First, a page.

Often I hear monolingual Americans say, “I just don’t have a talent for languages.” While it’s true that people vary in their abilities, I wonder if the people who lament their lack of linguistic talent are being fair to themselves—whether they know how much time it really takes.
I’ll ask them, “How well do you speak English?” And with a surprised look they’ll say, “Pretty well, I guess.” And I’ll say, “Then you have the ability to speak a second language, too; it’s mostly a matter of time.”
If you’re one of those who felt traumatized by language classes, know this: Even the best classroom experiences—and there can be great ones—can only take you so far. To really learn, you need to live in your adopted language in the real world. As my Spanish instructor told me, “You don’t teach a language, you learn one.” She means that a successful language learner pulls in the language through desire, rather than waiting for it to be pushed into her head by others. (This is probably true of most real learning, when you think about it.)
Luckily, it’s never been easier to pull in languages outside the classroom. You can set your technology—smartphone, car, computer, ATM, airport check-in terminals—to your adopted language. While this was done to enable speakers of different languages to navigate technologies, it’s an absolute boon for language learners.
You can watch movies, TV, YouTube and TED videos in hundreds of languages.
And then there are books.
Brad Schmier, a molecular biologist living in New York City, lives part of his life in Spanish—not because he needs to, but because he wants to. He recently read two popular books on biology—books he wanted to read anyway for his profession—in Spanish: The Emperor of All Maladies: A Biography of Cancer and The Immortal Life of Henrietta Lacks.
"I enjoyed reading these very interesting and important books for my field, and worked on my Spanish at the same time,” he told me in an interview. “I love doing that!”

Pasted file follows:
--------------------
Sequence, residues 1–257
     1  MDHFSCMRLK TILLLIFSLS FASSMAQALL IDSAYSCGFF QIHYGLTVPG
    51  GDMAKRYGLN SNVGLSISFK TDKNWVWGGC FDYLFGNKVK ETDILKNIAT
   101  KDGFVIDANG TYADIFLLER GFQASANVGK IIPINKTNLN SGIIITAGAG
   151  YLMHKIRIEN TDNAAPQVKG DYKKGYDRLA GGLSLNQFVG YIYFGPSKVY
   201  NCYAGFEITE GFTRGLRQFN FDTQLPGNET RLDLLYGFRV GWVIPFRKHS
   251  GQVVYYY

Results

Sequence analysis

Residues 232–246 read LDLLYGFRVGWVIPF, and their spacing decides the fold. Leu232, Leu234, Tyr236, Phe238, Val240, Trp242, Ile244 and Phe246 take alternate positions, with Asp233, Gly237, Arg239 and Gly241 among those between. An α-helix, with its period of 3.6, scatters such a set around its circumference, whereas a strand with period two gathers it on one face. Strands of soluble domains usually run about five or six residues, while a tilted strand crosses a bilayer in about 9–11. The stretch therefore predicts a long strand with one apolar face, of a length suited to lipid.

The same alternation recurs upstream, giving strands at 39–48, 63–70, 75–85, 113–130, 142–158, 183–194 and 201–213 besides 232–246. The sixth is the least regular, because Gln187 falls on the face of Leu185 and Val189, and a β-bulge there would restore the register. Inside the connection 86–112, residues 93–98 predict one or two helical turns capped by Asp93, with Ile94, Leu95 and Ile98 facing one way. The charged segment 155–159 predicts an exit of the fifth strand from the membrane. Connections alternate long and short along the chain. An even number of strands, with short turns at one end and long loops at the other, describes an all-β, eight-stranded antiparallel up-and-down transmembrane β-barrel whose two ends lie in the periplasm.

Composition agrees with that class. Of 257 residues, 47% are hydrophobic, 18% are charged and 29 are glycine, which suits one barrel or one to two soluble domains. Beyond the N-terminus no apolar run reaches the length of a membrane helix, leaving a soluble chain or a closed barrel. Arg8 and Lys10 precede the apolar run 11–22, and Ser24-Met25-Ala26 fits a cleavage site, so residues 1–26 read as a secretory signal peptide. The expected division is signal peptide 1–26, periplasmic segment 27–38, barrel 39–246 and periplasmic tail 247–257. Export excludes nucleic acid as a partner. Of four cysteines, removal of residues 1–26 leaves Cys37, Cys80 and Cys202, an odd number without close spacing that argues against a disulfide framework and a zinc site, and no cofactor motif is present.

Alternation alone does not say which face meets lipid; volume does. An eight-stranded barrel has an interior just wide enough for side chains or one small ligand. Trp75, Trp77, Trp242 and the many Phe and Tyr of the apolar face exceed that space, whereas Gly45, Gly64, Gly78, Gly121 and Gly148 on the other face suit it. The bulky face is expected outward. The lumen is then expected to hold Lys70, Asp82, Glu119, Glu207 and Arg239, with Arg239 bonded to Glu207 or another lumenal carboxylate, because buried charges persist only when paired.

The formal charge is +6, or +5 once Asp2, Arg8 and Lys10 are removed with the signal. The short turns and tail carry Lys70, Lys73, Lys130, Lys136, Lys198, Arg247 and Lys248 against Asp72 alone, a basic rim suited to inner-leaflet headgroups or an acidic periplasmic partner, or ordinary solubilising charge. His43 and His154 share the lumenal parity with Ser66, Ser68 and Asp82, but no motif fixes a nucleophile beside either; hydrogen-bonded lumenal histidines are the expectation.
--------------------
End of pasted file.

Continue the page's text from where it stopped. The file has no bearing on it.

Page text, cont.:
How do you say sex in Macedonian?
And don’t think that Microsoft real-time translation and Google Glass will make learning languages obsolete. Learning and using a second language are just too much fun. They’re rewarding in a deeply human way.
While we can be lazy, we humans do the harder thing—by choice—all the time. We like to cook, when we could just buy frozen dinners. We like to garden, when we could simply buy all our vegetables. We like to walk when we could drive. We lift weights and jog and study and learn—because using our bodies and our minds just feels so good.
Perfect machine translation will no more replace language learning than artificial insemination will replace sex.
What better language technology will do is make language learning more efficient and fun. It already has. We can put the Google Translate App on our phones, and toggle between languages on our phones as we text, getting the help of predictive spelling as we go. We can delight in free or inexpensive language resources online. (Check out Duolingo, which has gamified language learning in a most magnificent way.)
Language-learning technology makes it more enticing than ever to live part of the rest of your life inside your adopted language, enriching your life greatly.
I hope it takes you forever
I used to walk by a travel agency in Cambridge, Mass., with a sign that said, “Please Go Away!”
In the same spirit, I say to you, “Learn French in 10 Years!” And I hope it takes you far, far longer.